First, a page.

It’s time for another guest! You may remember Heather Hayden from a previous appearance on my blog.
Though a part-time editor by day, Heather Hayden’s not-so-secret identity is that of a writer—at night she pours heart and soul into science fiction and fantasy novels. In March 2015 she published her first novella, Augment, a YA science fiction story filled with excitement, danger, and the strength of friendship. She immediately began work on its sequel, Upgrade, which continues the adventures of Viki, a girl who loves to run, and her friend Halle, an AI. You can learn more about Heather and her stories through her blog and her Twitter, both of which consist of equal amounts of writerly things and random stuff she’s interested in.
Q: Tell us about your writing process and the way you brainstorm story ideas.
1. Have an idea.
2. Write down idea before I forget.
3. Write first draft of idea. (This step sometimes happens in a few hours or a day for a short story, or takes as long as a month or several months to complete.)
4. Cursory edit of first draft (for minor and major things I’ve spotted.)
5. Post to Scribophile for critiques (invaluable advice!)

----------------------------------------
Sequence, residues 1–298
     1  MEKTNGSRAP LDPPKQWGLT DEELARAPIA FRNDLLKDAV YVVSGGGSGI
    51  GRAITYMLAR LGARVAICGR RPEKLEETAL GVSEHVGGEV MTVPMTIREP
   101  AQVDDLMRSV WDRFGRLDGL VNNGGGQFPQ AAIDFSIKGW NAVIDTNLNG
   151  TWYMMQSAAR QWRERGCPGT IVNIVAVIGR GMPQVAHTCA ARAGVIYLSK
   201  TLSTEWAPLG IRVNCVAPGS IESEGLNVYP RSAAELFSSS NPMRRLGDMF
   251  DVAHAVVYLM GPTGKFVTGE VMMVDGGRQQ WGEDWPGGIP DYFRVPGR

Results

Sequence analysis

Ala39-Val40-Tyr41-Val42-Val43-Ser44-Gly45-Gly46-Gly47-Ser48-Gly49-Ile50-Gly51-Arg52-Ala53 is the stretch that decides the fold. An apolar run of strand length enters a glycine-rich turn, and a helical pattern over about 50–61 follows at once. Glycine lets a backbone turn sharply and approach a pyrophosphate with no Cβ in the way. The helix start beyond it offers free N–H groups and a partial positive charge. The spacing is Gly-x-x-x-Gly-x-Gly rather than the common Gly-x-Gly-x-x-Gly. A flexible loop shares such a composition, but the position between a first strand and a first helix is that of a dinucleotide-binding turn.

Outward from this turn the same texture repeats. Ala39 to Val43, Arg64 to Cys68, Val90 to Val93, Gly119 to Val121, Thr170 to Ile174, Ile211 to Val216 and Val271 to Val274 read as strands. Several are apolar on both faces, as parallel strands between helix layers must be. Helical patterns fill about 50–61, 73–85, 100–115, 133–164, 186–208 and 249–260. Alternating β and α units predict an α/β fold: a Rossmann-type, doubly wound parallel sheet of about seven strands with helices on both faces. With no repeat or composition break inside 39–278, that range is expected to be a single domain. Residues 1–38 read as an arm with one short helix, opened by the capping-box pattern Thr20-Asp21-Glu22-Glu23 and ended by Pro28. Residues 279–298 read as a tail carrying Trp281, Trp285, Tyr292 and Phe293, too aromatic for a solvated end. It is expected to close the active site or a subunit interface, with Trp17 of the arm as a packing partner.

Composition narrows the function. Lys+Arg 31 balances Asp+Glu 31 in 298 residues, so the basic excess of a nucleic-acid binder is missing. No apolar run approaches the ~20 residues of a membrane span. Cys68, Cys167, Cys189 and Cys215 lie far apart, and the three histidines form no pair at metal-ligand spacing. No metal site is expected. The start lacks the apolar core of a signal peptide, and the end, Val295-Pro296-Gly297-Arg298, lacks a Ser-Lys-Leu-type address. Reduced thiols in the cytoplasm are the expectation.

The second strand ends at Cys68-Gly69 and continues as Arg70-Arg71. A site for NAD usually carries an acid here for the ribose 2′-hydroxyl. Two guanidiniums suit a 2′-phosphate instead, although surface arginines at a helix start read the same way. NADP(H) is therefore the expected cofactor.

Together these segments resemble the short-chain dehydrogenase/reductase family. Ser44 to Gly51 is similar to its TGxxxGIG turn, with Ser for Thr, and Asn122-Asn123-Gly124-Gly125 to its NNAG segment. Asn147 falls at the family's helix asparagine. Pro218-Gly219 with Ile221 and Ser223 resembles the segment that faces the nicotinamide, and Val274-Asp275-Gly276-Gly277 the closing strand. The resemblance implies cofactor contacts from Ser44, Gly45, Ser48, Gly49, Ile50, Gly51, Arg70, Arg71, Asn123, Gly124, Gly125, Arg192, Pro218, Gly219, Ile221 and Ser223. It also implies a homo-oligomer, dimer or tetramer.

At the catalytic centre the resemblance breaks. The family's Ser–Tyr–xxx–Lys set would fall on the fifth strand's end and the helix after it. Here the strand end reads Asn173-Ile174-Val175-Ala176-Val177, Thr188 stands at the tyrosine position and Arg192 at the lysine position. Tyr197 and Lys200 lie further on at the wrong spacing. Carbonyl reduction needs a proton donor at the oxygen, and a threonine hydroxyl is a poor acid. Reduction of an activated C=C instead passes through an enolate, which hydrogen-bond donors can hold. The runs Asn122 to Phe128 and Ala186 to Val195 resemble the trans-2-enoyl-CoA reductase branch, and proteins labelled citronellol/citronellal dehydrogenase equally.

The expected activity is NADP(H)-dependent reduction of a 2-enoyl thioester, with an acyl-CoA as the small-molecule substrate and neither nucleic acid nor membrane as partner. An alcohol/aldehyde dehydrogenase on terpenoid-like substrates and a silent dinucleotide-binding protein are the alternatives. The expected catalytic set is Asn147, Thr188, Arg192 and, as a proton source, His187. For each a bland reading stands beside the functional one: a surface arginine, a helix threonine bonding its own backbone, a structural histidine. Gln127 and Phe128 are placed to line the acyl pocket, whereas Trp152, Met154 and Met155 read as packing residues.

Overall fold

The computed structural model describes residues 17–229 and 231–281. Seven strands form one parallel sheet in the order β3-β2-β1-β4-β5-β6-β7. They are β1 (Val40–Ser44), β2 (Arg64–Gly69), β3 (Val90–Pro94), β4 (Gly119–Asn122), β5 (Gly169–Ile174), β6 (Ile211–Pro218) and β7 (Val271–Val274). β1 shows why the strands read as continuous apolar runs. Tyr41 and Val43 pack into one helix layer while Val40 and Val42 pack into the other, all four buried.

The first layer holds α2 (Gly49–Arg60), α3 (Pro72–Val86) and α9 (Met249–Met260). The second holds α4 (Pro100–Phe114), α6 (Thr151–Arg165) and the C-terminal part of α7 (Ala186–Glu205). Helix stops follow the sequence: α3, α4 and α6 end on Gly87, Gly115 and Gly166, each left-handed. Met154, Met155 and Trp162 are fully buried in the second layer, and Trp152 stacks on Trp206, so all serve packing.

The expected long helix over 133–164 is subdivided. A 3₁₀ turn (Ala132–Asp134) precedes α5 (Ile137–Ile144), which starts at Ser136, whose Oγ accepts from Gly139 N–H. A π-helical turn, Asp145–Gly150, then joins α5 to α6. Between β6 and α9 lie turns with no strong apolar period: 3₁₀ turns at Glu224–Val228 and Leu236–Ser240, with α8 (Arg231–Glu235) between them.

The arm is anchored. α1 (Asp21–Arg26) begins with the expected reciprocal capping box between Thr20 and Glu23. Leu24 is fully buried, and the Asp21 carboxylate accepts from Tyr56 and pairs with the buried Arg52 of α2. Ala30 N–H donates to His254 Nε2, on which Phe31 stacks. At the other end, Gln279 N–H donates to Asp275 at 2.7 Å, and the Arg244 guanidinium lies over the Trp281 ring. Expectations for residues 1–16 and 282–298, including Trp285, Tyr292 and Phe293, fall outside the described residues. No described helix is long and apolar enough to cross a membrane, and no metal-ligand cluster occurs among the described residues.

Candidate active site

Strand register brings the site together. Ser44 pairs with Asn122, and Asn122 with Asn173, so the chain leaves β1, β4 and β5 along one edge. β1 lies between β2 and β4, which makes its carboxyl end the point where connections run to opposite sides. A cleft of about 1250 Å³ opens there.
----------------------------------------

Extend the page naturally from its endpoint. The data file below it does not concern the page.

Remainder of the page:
6. Edit. Repost. Edit. Repost. Edit. Repost. Edit.
7. Call it done and hit Publish.
This is a very basic version, obviously. It tends to be a bit more chaotic, and involves more ideas popping up at random times that I have to write down (and occasionally take a side trip to pursue because it’s so alluring.)
Q: Do you proofread/edit all your own books before publishing, or do you get someone to do that for you?
Q: Is there anything you find particularly challenging in your writing as far as content?
A: Sometimes my science fiction novels get a bit technical, and then I need to do research to make sure I’m not making any horrible mistakes in terms of details or terminology. I also have a hard time keeping track of what places and people look like—but for that, I have spreadsheets and Word documents for organizing and recalling descriptions! I also have difficulty writing fight scenes (visualizing and describing the action), although I think I’m getting better at it.
Q: Did you come across any specific challenges in writing Upgrade? What would you do differently next time?
Q: What are your ambitions for your writing career?
*Winks back, then coughs* I mean, I have no idea what collaboration you’re talking about.
Thanks for joining us, Heather! See you on the rest of the Blog World Tour!